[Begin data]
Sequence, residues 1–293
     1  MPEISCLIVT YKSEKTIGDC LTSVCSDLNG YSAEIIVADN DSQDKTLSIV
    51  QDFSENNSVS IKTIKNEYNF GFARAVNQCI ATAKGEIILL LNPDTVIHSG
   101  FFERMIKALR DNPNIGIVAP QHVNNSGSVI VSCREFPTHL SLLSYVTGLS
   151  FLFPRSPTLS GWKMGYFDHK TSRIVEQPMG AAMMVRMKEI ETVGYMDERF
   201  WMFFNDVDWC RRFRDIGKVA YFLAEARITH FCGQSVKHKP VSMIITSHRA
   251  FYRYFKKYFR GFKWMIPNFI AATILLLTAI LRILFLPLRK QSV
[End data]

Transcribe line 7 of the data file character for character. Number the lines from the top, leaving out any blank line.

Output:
   251  FYRYFKKYFR GFKWMIPNFI AATILLLTAI LRILFLPLRK QSV